Uncategorized How local governments can better utilize text messages – American City & County

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For many people, text messaging is still thought of as a way to communicate with family and friends. But more and more, businesses are getting in on the short message service (SMS) action, using these quick messages to reach customers and prospects with meaningful marketing messages. There is no reason government agencies shouldn’t also be tapping into the benefits of texting.
Texting campaigns are largely extremely effective. Research from OpenMarket estimates 83 percent of millennials open SMS messages within 90 seconds of receiving them. Previous research from Gartner indicated 90 percent of all people read texts within three minutes of receiving them, and that SMS boasts a 98 percent open rate.
For government agencies, email is often the go-to method of communication. And its rates are decent, especially compared to other industries. According to a 2021 analysis by Campaign Monitor that broke down email open rates by industry, government agencies experienced a 26 percent open rate, notably higher than the cross-industry average of 18 percent. Nonetheless, that leaves almost three quarters of intended email recipients in the dark, not even opening the message they were meant to read.
Text messages are different. All a recipient must do is look at their phone to see and read the message in full (though links with more information can be included). With higher read rates and shorter, more digestible messages, text messages offer government agencies a quick, easy and efficient way to reach people in the communities they serve. But there are strategies and regulations agencies must follow in order to get the most out of this powerful tool.
In order to send messages that are truly relevant, government agencies should be strategic with their SMS sends. First, different entities will have their own opt-in lists, so that will naturally ensure the messages are relevant (for example: someone who signed up to receive parks and recreation updates would likely welcome a message about a new park opening, but wouldn’t necessarily find a trash pickup delay message helpful unless they separately signed up for the sanitation department list).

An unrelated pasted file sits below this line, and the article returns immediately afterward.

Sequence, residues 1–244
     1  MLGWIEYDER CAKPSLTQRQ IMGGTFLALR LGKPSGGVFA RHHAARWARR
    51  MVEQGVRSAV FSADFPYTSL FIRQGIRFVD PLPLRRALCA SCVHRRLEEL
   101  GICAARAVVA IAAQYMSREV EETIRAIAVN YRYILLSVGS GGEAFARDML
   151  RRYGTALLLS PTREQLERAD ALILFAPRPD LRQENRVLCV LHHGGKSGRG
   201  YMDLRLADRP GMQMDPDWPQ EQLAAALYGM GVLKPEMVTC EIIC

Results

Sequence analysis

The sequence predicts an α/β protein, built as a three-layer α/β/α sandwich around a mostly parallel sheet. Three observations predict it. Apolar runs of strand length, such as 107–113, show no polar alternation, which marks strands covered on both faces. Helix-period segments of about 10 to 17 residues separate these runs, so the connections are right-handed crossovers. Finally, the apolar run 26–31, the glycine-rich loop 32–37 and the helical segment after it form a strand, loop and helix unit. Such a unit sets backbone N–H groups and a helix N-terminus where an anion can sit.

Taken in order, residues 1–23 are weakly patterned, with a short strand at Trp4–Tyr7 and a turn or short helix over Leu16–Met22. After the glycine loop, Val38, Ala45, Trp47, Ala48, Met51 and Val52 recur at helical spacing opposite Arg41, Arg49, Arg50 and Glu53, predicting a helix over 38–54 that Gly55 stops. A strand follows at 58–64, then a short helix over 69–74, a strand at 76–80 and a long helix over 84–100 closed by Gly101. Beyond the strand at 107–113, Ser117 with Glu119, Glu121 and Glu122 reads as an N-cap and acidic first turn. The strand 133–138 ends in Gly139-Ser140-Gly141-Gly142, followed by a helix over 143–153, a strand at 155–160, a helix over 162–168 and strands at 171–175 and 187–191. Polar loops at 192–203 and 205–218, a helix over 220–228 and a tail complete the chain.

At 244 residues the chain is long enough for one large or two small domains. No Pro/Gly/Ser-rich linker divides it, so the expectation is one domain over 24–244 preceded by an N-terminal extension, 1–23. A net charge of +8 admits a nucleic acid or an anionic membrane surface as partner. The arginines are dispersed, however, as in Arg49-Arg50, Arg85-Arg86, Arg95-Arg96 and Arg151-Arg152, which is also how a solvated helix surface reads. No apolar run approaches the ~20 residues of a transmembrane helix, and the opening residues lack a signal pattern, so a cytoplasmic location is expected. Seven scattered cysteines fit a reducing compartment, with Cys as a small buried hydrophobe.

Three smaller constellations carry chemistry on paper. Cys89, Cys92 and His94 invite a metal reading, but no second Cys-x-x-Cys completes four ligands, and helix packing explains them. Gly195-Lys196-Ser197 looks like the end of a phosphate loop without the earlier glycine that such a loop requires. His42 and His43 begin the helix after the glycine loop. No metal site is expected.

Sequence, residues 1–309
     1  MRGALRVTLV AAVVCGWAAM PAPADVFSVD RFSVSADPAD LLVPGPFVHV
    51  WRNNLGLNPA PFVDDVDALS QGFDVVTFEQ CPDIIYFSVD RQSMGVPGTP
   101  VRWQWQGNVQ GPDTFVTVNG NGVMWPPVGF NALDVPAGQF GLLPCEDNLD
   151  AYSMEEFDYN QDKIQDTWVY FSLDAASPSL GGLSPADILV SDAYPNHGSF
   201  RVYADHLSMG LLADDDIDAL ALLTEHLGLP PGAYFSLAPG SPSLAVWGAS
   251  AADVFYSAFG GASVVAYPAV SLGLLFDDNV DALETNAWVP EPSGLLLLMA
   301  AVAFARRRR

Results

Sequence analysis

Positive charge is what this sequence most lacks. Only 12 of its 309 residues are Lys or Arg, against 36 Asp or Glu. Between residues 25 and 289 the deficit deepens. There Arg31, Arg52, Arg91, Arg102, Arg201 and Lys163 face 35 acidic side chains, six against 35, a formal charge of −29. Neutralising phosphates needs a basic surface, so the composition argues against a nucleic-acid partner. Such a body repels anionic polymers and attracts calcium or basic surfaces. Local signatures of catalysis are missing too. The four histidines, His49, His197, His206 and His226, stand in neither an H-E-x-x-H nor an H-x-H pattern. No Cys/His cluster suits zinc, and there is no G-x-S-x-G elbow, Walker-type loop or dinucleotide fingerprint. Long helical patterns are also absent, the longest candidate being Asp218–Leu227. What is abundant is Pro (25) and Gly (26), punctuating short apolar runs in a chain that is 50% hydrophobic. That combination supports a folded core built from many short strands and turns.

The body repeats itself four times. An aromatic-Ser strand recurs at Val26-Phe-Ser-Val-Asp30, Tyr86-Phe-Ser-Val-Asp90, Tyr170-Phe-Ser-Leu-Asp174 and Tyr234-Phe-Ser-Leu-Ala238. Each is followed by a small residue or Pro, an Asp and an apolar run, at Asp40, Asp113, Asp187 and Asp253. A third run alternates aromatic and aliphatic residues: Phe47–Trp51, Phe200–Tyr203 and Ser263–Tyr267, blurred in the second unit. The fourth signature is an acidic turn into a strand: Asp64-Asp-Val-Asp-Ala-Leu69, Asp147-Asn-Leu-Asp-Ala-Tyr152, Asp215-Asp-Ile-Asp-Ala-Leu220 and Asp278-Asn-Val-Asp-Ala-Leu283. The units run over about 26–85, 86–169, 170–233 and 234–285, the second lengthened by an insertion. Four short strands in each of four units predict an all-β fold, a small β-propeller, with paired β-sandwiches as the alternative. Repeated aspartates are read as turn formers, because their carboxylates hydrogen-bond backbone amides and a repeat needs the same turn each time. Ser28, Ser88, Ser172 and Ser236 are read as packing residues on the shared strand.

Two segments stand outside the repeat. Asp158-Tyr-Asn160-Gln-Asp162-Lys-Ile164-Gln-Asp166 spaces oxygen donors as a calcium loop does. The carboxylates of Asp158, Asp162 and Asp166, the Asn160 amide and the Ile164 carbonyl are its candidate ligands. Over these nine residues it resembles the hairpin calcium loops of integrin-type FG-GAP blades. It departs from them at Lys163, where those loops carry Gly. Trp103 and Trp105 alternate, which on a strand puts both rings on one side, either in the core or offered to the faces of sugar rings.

Now that we’ve taken a look at the benefits of text messages for state and local government agencies, let’s explore ways texts can be used.
Text messages offer many benefits. They are traceable, have backlist capabilities, can be managed via computer or phone, and can be sent in bulk or individually with just a few clicks. SMS is easy and efficient, and perfect for government agencies as long as everyone keeps in mind the stringent rules to ensure texts remain an effective means of communication and a benefit to both recipient and sender.
Tom Sheahan is the CEO of Red Oxygen, a leading business SMS solutions provider that is headquartered in San Francisco with offices in Australia, Canada and the United Kingdom. Red Oxygen provides texting services to government agencies across the globe. Contact Sheahan at [email protected]
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